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BWW Review: NIGHT SEASONS Embraces the Charmingly Quotidian at Quotidian Theatre Company

BWW Review: NIGHT SEASONS Embraces the Charmingly Quotidian at Quotidian Theatre CompanyHorton Foote's NIGHT SEASONS, directed by Jack Sbarbori at the Quotidian Theatre Company, examines the nature of a life defined by money and greed, and the notion that perhaps living is the greatest punishment of all. Foote, best known for his 1962 screenplay for To Kill a Mockingbird, delivers a quiet critique of capitalist culture and asks us to consider what "home" means. NIGHT SEASONS places us in Harrison Texas, 1963 on Josie Weems' (Jane Squier Bruns) 93rd birthday, though the play deals in flashbacks and the setting easily slips back and forth through 1923-1963 and the years in between. Josie Weems (Jane Squier Bruns) is the manipulative glue that holds the rambling Weems family together by subtly managing finances and allowing and prohibiting marriages at her discretion.

The first act is fairly exposition heavy and, as overheard by one theatregoer, could be helped by a family tree in the program. Once relationships fall into place it is easier to focus on the persuasive performances of the cast and contributions of the creative team. Jane Squier Bruns tackles the matriarch of the Weems family with ease and quiet confidence. Even from the sixth row, her eyes capture the melancholy nature of outliving both husband and daughter. Foote's judicious use of flashbacks is the play's primary conceit, lending NIGHT SEASONS its haunting nature. Josie muses on the deaths of her husband, daughter, and others as the dead speak (and sometimes sing) while we careen through time and space. Lighting designer Don Slater beautifully illuminates a large screen center stage when Rosa (Jennifer Osborn), Josie's niece, and others sing unaccompanied at a string of funerals.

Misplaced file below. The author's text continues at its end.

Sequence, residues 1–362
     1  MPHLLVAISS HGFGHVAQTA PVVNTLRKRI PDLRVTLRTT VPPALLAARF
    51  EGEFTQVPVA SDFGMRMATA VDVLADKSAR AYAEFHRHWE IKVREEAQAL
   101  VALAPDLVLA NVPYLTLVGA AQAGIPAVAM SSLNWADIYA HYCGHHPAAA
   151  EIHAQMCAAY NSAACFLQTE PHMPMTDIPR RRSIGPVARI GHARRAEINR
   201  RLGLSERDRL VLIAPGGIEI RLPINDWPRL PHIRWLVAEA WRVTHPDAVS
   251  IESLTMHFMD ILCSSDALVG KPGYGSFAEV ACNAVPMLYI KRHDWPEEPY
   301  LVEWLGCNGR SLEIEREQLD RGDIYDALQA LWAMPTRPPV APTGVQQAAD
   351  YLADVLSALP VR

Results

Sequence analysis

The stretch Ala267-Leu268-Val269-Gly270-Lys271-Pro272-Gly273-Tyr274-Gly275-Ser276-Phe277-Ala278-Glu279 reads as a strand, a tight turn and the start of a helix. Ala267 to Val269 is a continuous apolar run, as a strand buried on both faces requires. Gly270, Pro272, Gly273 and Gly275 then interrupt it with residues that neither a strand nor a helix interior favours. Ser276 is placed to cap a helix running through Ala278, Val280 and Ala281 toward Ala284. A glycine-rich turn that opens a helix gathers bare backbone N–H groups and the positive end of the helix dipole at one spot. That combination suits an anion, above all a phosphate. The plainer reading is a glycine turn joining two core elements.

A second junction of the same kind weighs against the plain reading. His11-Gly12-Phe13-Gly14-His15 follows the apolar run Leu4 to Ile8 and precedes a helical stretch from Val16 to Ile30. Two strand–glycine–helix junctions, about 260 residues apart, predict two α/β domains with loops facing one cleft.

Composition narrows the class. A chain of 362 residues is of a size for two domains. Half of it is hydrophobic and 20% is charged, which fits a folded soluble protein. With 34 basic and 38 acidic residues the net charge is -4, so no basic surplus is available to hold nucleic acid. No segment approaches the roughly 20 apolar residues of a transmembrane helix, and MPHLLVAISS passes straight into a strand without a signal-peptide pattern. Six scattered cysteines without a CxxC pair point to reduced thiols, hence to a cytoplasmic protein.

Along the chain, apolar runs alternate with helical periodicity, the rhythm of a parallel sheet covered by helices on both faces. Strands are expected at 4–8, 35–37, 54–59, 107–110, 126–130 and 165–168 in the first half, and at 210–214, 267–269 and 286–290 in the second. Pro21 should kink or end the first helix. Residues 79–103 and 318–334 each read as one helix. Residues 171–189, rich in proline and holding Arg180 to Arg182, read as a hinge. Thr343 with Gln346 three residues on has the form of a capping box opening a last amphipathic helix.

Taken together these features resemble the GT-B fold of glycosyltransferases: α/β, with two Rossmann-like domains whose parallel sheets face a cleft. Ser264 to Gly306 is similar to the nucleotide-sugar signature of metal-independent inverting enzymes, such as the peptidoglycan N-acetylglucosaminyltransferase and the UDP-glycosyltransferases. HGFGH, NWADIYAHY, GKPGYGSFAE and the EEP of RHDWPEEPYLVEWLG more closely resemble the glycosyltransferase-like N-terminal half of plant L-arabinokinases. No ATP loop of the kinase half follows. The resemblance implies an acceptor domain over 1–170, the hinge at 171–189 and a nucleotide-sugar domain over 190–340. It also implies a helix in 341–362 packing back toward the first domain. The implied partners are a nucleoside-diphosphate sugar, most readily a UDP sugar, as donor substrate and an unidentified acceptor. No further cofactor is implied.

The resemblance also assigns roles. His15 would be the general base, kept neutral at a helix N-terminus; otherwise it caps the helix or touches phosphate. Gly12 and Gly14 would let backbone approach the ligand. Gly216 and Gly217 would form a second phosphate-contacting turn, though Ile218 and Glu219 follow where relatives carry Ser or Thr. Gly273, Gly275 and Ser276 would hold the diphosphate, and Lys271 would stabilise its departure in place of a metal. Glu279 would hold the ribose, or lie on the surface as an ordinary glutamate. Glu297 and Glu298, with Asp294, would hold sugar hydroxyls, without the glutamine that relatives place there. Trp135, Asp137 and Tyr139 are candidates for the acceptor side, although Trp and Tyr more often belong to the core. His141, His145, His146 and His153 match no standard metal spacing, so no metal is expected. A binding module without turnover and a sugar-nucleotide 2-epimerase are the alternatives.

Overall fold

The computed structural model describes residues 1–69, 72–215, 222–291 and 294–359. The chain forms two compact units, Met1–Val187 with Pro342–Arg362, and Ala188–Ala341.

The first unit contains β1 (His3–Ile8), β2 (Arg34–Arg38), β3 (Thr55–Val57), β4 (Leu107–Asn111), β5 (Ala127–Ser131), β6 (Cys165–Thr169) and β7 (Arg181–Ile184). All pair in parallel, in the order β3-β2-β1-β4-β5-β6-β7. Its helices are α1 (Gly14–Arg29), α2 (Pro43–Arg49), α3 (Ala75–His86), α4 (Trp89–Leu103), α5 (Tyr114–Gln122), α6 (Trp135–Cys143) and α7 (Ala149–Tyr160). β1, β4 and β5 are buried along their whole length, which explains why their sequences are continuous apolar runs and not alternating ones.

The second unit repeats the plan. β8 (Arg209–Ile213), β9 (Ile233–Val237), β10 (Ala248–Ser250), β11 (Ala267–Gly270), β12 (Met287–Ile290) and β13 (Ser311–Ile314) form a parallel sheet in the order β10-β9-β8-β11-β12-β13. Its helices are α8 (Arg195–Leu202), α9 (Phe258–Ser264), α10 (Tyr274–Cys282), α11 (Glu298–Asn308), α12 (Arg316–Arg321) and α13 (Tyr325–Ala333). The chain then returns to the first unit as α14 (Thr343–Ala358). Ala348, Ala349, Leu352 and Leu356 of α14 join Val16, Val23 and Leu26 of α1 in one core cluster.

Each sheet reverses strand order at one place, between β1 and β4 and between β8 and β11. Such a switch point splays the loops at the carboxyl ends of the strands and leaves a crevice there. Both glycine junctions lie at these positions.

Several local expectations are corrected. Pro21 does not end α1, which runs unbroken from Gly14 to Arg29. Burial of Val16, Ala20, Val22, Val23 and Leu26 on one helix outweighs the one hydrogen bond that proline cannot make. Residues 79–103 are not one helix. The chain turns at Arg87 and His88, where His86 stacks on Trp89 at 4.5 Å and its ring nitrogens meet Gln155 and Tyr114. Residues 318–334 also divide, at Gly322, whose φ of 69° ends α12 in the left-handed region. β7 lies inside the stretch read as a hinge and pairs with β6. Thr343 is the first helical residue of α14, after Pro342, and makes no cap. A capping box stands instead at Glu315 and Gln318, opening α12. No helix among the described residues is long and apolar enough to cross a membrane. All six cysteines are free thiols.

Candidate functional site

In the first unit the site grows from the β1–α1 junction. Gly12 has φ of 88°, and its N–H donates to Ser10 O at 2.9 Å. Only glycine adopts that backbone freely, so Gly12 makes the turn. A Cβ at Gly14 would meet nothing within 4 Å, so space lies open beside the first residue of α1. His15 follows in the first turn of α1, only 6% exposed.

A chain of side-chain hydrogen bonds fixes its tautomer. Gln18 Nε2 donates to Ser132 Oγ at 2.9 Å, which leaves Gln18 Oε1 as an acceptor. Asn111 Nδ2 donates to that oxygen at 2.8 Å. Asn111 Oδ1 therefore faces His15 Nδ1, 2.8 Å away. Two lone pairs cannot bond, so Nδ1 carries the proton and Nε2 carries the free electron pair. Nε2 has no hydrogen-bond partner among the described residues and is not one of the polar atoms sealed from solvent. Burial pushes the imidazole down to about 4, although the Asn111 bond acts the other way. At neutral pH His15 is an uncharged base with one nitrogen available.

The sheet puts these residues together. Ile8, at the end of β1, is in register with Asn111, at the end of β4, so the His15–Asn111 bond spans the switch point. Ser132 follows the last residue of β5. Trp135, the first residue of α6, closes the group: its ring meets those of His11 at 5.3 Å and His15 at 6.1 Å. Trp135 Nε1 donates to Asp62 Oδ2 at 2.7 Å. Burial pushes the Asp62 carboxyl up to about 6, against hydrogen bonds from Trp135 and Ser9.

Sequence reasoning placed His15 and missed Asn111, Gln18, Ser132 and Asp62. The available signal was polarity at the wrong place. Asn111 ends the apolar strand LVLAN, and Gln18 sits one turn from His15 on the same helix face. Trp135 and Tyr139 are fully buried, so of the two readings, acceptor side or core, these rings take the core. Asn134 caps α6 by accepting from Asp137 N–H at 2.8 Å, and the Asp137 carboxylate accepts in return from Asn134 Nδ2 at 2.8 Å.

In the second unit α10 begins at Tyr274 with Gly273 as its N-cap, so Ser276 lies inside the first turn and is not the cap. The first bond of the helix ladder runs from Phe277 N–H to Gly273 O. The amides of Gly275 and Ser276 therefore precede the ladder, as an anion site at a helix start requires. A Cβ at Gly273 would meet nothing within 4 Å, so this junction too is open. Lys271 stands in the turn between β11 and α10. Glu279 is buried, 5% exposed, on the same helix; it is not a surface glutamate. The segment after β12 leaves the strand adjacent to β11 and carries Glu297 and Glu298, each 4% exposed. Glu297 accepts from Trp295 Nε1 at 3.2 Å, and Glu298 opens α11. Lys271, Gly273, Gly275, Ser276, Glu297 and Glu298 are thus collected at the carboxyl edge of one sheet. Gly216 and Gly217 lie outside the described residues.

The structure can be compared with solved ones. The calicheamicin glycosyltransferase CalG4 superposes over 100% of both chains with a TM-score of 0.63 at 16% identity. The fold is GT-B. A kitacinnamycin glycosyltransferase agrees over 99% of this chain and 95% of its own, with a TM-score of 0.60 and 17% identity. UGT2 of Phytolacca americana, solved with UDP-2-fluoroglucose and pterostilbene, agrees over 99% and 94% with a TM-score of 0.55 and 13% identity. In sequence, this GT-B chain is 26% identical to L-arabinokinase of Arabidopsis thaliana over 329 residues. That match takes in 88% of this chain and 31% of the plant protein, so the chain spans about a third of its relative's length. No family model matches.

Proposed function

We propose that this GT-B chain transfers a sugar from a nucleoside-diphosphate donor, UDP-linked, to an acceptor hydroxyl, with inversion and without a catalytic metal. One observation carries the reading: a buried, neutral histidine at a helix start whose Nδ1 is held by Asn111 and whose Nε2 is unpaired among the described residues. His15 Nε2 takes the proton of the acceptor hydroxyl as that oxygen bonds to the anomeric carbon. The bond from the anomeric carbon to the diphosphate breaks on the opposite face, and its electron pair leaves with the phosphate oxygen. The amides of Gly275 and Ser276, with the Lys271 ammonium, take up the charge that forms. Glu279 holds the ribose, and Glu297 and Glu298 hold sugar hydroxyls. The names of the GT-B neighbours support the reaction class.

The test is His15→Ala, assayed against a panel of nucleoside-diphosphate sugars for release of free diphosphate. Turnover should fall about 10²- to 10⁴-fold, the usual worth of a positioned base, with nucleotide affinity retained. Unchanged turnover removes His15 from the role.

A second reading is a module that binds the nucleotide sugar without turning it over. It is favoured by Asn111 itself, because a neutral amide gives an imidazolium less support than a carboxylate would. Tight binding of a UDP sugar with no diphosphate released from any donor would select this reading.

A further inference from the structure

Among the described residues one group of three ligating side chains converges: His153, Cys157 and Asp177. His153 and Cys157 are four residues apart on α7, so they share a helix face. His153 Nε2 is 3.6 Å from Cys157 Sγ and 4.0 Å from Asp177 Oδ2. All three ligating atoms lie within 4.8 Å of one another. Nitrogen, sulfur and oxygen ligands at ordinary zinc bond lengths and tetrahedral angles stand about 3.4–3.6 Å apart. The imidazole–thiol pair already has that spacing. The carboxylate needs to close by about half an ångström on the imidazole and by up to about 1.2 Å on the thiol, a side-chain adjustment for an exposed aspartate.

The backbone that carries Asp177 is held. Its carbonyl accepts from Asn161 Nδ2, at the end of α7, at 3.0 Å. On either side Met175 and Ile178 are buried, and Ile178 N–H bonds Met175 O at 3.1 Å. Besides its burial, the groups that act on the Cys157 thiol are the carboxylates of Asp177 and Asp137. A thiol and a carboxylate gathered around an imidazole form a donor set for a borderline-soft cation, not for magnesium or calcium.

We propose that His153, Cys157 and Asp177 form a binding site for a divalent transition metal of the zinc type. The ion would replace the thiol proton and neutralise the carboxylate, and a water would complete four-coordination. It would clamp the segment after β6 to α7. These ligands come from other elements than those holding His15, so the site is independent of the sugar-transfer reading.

Director Jack Sbarbori, doubling here as set designer, presents a provocative mise en scenè: thirteen chairs and one couch sprawl across the small stage and vintage postcards, mostly of swallows, line the walls. There are endless places to sit, and no forward motion for Foote's characters. Josie's daughter Laura Lee Weems (Carolyn Kashner) is almost permanently seated next to the phone, passively on hold for the entirety of her existence. The space begins as a block of hotel rooms, later turns into an apartment, but never morphs into the house that Laura Lee so desires. Building a house is somehow the antidote to a purposeless life, as though a concrete foundation can replace drive, ambition, and true human connection, but the plans never come to fruition.

John Decker as Lewis Weems, Josie's husband, delivers a standout performance. Though the play occasionally suffers from slips in the Texan accent, Decker's slow drawl seems to come easily. He maneuvers one of the few sweet familial moments with daughter Laura Lee (Carolyn Kashner) with quiet confidence. Caroyln Kashner finds beauty in stillness in her portrayal of Laura Lee Weems, and finds big emotion naturally the few times its called for. David Dubov as Thurman Weems, Josie's oldest son, captures the inconspicuous wickedness of waiting for those around you to die so that you may succeed. He and wife Delia (Laura Russell) are delightfully dysfunctional. We all know that one miserable couple who erects monuments to their mutual displeasure with each other, but ends the night in the same bed for the sake of counting their mutual coffers.

The show is not without its problems. Quiet moments are sometimes too quiet to hear and the disparity in accent work detracts from a cohesive experience. But all things considered, Quotidian Theatre Company is a charming theatre, filled with a warm, receptive audience eager to laugh, gasp, and occasionally comment aloud. They are a company on a mission to find beauty and poetry in the everyday.

NIGHT SEASONS plays July 14th through August 13 at Quotidian Theatre Company. To purchase tickets call 301-816-1023 or visit www.quotidiantheatre.org/ticket

Running Time: 2 hours with 10 minute intermission

Pictured: (left to right) John Decker and Jane Squier Bruns. Photo by Steve LaRocque.




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